The Risks & Rewards of AI in Construction
AI is now a reality and shaking up many industries. With constant talk of jobs at risk and fears of robotic superpowers, is anyone really safe? You don’t get much more hands-on than the construction industry so logic would say that until robotics capabilities develop substantially, most construction jobs are pretty ‘safe’. But that couldn’t be further from the truth. So what exactly are the risks, and the benefits of AI in construction? Let’s find out.
In this article, we’re going to look at where AI can potentially assist in some of the most dangerous and challenging construction tasks and find out which jobs are most at risk of becoming obsolete thanks to artificial intelligence.
AI in Construction: The Risks
Automation isn’t a new concept in construction and other heavy industries. Mining was an early adopter and the industry has benefitted from automating many of the most hazardous tasks with robotic machinery and outdated processes have been streamlined using automation software leading to huge increases in productivity. It’s also safer. There are fewer non-fatal incidents than ever before. But fatalities are still all too common and until the need for human intervention is removed, the risks in heavy industries will remain.
So where are the robots when we need them? Automation and AI are fundamentally different and although one is needed to help the other perform at its peak, there’s still a way to go before AI can help remove the risks from the most hazardous jobs entirely. One day robots will be commonplace to assist with the physical aspects of mining, building and other dangerous careers but it’s going to be a while before AI replaces human intervention in many manual tasks.
The role of the construction labourer faces barely any risk of becoming extinct anytime soon thanks to the physical nature of the role. Civil Engineers are almost entirely unaffected too. So who will be most affected? According to willrobotstakemyjob.com, Building and Construction Inspectors are most at risk of being replaced by AI, with a 24% chance of the job function being completely automated in the near future.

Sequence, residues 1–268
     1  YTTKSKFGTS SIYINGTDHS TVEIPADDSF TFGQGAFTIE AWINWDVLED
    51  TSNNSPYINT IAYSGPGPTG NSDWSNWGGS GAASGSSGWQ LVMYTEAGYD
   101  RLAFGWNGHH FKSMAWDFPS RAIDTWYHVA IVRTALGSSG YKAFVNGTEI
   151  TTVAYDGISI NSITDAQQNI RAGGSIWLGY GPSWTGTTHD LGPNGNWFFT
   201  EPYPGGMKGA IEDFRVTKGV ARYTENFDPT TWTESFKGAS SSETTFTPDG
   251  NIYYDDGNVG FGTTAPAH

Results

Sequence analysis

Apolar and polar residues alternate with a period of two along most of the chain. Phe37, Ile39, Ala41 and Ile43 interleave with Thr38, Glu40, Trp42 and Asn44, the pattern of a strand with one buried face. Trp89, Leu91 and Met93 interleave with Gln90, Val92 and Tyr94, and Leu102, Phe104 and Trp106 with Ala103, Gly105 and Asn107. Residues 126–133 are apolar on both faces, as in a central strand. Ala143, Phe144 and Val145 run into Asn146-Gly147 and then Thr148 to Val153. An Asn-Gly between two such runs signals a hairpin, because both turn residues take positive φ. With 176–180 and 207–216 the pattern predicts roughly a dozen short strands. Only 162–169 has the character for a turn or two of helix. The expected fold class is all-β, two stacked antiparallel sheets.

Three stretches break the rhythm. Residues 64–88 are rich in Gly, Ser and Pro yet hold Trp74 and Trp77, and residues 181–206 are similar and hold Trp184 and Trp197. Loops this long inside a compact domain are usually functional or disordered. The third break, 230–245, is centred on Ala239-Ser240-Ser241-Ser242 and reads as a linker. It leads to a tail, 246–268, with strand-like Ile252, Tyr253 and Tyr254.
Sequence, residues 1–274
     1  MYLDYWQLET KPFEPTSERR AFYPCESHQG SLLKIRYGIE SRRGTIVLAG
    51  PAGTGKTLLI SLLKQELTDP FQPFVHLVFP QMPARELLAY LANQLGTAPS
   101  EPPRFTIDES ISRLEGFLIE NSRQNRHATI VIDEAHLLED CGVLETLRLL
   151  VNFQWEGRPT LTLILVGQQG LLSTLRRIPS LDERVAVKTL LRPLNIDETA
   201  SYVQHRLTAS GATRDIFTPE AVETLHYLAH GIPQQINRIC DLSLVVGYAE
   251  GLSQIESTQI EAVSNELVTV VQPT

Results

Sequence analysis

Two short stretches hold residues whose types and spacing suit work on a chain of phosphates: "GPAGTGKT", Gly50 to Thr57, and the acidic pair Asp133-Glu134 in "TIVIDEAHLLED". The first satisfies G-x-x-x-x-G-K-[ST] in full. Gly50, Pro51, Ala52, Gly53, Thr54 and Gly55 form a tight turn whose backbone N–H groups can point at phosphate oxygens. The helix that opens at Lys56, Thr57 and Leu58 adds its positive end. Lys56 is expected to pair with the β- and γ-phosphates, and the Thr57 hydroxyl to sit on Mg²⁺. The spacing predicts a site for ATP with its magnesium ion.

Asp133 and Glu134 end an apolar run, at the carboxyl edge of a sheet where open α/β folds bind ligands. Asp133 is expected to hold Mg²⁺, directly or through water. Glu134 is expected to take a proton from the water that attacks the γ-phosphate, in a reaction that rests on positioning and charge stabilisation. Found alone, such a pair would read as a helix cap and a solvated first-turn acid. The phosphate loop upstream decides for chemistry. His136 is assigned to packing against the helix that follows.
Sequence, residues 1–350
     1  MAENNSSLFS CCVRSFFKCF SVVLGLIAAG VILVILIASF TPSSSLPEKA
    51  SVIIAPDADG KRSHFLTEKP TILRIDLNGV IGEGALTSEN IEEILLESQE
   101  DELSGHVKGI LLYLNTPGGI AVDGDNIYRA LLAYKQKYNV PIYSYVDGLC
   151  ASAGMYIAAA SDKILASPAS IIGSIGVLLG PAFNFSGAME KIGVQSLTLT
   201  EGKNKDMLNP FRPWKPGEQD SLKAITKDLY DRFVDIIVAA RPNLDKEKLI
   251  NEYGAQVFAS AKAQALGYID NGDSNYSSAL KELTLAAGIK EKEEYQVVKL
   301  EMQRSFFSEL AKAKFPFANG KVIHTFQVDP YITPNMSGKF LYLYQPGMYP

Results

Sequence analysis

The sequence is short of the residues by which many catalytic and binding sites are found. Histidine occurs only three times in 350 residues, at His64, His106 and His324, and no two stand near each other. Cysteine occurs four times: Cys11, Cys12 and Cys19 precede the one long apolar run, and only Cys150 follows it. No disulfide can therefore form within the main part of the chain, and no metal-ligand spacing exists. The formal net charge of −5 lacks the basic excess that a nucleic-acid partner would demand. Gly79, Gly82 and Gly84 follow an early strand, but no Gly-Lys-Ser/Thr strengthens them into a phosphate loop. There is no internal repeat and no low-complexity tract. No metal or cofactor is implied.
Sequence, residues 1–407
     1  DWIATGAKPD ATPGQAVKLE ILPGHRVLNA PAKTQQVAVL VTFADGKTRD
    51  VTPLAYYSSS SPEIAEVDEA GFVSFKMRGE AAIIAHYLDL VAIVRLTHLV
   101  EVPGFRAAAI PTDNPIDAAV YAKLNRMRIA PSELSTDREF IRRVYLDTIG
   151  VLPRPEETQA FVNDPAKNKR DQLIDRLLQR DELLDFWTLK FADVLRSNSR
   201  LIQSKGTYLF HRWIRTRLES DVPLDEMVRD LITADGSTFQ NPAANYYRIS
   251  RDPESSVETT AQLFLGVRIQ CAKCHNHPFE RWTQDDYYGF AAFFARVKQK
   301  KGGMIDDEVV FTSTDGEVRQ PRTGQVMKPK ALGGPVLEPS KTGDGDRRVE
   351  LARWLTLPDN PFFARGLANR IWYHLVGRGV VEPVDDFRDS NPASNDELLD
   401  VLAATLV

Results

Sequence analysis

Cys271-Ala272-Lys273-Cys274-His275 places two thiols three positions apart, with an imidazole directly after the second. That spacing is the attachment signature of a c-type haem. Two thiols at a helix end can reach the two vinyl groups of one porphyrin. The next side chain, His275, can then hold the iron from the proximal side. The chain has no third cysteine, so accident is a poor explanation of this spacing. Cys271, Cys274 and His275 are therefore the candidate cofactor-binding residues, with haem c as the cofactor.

At the same time, there will be job functions that are greatly accelerated by AI, by allowing the same person complete more work in the same amount of time.
AI in Construction: The Rewards
Digital Twins in Construction
Digital Twins are one of the most interesting developments in the construction lifecycle and artificial intelligence will play a large part in their development and success but for now, construction jobs remain reasonably safe from replacement by robots.
Digital Twins are a virtual replica of a physical object. You can make a digital twin of an apple, a vehicle, a construction site or a building. Using a concept called reality mapping, you can now use data captured from multiple sources to create a digital replica of your site or point of interest.
Useful Reading: What is a Digital Twin?
Reality mapping with drones is a growing practice, thanks to the ability to capture large amounts of data remotely and quickly. You can then turn the drone data into a highly detailed 3D map or model of your project to be able to inspect each element quickly and without sending someone into a potentially hazardous environment. But 3D is old-hat now. If you inspect your asset or target over a period of time, with the right software you can build a 4D map or model that allows you to track progress, make measurements, and monitor structural defects or areas of risk.